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Overlanding is a relatively new phenomenon in the United States (Not counting the American spread out west in wagons). In essence, overlanding is a fusion of camping and off-roading, combining elements of each to form a distinct automotive/outdoor hobby. While it may be new to Americans, overlanding has been popular on other continents for over a century.


Overlanding is self-reliant overland travel to remote destinations where the journey is the principal goal. Typically, but not exclusively, it is accomplished with mechanized off-road capable transport (from bicycles to trucks) where the principal form of lodging is camping, often lasting for extended lengths of time (months to years) and spanning international boundaries.

Historically, “overlanding” is an Australian term to denote the droving of livestock over very long distances to open up new country or to take livestock to market far from grazing grounds.[1] Between 1906 and 1910 Alfred Canning opened up the Canning Stock Route.[2] In Australia overlanding was inspired to a large degree by Len Beadell who, in the 1940s and 1950s, constructed many of the roads that opened up the Australian Outback.[3] Those roads are still used today by Australian overlanders and still hold the names Len gave them; the Gunbarrel Highway, the Connie Sue Highway (named after his daughter), and the Anne Beadell Highway (named after his wife).

Overlanding in its most modern form with the use of mechanized transport began in the middle of the last century with the advent of commercially available four-wheel-drive trucks (Mercedes-Benz G-Class‘s, UnimogJeeps and Land Rovers). Nonetheless, there were a few earlier pioneers travelling in remarkably unsophisticated vehicles.

In the early 1920s, John Weston and family travelled from Britain to Greece and back in a converted US built Commerce one ton truck with a Continental N engine. At the time, the Weston family was based in Europe but returned to South Africa, their homeland, in 1924, taking the vehicle with them. In 1931, the family set out in the same truck from the south-western tip of Africa and drove to Cairo and on to Britain. Not only is this story well-documented but remarkably the vehicle is still extant. In 1975, following renovation, it featured in the International Veteran and Vintage Car Rally from Durban to Cape Town and was then donated to the Winterton Museum, KwaZulu Natal, South Africa, where it can be seen today.[4]

In 1949, with the Land Rover brand less than a year old, Colonel Leblanc drove his brand new 80-inch Series I Land Rover from the United Kingdom to Abyssinia.[5]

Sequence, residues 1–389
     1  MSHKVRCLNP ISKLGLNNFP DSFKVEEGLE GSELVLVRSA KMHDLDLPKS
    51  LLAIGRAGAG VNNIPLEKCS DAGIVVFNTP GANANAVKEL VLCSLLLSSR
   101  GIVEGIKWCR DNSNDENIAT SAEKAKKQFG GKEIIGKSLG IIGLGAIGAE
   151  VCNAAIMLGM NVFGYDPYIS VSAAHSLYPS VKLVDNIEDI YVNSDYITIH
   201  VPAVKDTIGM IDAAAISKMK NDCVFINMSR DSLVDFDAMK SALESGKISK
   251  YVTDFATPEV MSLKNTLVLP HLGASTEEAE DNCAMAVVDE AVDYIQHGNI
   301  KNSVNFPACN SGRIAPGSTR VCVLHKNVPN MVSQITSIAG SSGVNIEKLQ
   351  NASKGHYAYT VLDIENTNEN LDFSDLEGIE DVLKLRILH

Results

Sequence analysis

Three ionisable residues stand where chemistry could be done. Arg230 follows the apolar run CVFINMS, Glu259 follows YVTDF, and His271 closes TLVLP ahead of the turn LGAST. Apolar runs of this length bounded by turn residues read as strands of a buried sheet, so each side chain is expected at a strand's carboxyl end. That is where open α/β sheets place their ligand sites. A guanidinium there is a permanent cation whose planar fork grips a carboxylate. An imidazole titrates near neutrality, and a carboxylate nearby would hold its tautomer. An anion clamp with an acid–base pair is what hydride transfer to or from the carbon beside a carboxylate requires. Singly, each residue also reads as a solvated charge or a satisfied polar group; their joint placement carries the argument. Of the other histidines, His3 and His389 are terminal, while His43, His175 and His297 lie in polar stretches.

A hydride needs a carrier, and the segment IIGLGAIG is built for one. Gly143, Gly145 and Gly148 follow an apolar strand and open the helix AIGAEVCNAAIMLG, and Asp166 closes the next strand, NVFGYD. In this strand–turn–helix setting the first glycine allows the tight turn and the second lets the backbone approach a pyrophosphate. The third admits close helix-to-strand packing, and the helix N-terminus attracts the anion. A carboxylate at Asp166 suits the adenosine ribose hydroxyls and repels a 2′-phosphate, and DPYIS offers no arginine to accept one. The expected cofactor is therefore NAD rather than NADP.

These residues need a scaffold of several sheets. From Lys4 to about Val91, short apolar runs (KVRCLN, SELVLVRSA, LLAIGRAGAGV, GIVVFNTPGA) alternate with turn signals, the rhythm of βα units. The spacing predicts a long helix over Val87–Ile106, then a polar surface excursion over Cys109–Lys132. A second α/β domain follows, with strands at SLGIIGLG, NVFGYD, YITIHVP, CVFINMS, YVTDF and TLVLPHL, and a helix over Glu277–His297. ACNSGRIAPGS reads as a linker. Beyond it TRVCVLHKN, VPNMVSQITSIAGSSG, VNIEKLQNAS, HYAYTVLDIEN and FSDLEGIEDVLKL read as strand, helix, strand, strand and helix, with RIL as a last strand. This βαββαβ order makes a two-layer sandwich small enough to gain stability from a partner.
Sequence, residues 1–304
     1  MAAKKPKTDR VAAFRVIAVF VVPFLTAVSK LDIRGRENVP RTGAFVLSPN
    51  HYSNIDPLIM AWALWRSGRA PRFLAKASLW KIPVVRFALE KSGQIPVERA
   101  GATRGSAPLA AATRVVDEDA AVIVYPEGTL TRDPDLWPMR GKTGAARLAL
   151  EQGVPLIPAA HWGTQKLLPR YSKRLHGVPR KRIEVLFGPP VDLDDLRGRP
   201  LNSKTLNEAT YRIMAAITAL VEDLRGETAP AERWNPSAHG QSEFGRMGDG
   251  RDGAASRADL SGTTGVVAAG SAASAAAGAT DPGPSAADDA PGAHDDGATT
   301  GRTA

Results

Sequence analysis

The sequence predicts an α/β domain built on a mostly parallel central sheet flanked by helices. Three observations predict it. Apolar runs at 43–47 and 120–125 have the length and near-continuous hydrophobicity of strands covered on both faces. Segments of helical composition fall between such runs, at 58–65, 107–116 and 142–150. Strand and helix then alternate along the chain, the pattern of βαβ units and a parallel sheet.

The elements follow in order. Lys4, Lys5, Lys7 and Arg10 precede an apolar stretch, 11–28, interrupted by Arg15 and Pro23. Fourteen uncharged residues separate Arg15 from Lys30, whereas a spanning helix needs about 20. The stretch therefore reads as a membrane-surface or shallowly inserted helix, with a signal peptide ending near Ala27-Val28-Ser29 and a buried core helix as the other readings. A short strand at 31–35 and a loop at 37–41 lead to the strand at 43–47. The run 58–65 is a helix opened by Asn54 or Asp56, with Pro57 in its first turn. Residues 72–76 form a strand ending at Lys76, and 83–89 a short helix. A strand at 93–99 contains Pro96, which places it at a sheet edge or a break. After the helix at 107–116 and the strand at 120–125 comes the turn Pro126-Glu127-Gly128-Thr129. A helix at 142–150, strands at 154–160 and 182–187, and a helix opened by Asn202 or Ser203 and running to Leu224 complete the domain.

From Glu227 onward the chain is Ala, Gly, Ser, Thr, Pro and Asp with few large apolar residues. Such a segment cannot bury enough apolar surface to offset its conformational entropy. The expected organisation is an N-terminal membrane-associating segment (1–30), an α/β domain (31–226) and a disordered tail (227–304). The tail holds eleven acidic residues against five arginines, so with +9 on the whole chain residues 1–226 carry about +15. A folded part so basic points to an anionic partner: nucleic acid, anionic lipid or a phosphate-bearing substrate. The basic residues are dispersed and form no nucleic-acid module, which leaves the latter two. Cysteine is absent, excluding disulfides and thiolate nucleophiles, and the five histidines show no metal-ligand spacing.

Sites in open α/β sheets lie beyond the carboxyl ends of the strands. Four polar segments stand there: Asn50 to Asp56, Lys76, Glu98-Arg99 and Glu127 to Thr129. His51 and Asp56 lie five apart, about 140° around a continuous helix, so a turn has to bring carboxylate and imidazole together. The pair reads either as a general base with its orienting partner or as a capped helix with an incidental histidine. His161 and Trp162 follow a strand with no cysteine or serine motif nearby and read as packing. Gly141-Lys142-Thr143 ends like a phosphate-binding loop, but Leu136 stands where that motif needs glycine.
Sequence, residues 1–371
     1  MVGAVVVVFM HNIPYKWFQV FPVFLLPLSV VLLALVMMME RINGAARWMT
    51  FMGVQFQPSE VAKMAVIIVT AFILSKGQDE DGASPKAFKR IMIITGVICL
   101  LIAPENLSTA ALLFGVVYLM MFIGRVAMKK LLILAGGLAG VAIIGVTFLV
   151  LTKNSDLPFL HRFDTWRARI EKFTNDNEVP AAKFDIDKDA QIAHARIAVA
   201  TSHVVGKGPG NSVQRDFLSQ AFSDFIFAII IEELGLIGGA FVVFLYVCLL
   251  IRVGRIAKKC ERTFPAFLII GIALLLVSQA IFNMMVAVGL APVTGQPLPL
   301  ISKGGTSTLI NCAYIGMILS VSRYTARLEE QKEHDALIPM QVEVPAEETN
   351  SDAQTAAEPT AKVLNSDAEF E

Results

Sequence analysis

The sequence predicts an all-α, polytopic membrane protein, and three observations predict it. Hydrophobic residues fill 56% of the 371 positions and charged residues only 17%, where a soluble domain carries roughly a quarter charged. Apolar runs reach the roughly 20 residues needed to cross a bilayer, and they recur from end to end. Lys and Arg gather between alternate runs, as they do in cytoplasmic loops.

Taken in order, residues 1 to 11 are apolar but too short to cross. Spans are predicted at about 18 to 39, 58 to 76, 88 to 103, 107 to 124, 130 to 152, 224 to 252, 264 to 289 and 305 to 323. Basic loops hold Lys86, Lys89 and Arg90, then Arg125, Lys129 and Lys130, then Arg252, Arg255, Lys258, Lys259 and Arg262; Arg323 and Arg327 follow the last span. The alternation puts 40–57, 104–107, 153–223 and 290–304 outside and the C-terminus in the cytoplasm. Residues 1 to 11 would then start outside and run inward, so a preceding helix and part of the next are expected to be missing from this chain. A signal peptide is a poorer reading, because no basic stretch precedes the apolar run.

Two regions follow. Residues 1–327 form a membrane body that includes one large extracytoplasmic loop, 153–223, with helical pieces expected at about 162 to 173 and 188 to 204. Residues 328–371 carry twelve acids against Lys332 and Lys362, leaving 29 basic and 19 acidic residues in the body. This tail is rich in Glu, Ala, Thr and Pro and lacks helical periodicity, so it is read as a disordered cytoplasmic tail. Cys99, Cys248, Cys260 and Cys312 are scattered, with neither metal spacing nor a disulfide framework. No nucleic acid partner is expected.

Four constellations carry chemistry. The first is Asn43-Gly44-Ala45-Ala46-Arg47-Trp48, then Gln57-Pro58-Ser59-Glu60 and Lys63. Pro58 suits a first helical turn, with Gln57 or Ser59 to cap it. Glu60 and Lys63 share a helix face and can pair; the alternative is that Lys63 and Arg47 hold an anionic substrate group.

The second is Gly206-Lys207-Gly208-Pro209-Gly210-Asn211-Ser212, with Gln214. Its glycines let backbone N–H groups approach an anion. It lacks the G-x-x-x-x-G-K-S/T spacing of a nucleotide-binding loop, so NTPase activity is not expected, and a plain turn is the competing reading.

Heather Ellis solo overland adventure through Africa on her Yamaha TT600 in the early 90’s

There followed many more private journeys, with many groups setting out from Europe for remote African destinations. To aid in these endeavors the Automobile Association of South Africa published a guide titled Trans-African Highways, A Route Book of the Main Trunk Roads in Africa.[6] The first edition appeared in 1949 and included sections on choice of vehicle, choice of starting time, petrol supplies, water, provisions, equipment, rules of the road, government officials and rest houses. The serious tone of this book gives some clue as to the magnitude of such a trip, and it was from these beginnings that overlanding developed in Europe and Africa. Notable early examples include Barbara Toy‘s solo overland journeys in a Land Rover, including one in 1951-2 from Tangier to Baghdad, and the 1955-6 Oxford and Cambridge Far Eastern Expedition, which travelled overland from London to Singapore, also in Land Rovers.

Overlanding vs. off-roading: motorcycle considerations

One of the most well documented overland journeys was by Horatio Nelson Jackson in 1903. In 1954, Helen and Frank Schreider drove and sailed the length of the Americas from Circle, Alaska on the Arctic Circle to UshuaiaTierra del Fuego in a sea-going ex-army jeep.[7]

In 2015 the Overlanding Association was created to provide help, support and information to overlanders. To date they have lobbied the European commission and the FIA to improve the rights of Carnet users in Europe.[8]

Modern overlanding

Expedition Overland

Overlanding has increased in the past couple of decades, and is getting ever more popular in large part influenced by the Camel Trophy event run from 1980 to 2000 with routes crossing some intensely difficult terrain. It is now quite common for groups of overlanders to organize meetings, and an annual meeting is held every Christmas at Ushuaia. Through the use of the Internet it is much easier to find the information required for extended overland trips in foreign lands and there are several internet forums where travelers can exchange information and tips as well as coordinate planning. While some commercially built overland capable vehicles are produced,[9] many overlanders consider the preparation of their vehicle a paramount part of the experience. The U.S., South Africa and Australia have significant industries based on making accessories for overland travel.

Basecamp 20 is always ready to go.
Ty Fenwick

Overland Routes | The Texas Hill Country

Overland Routes & Trails – USA 2020 | Overland Discovery®

TPWD Off-Highway Vehicle Program (OHV)

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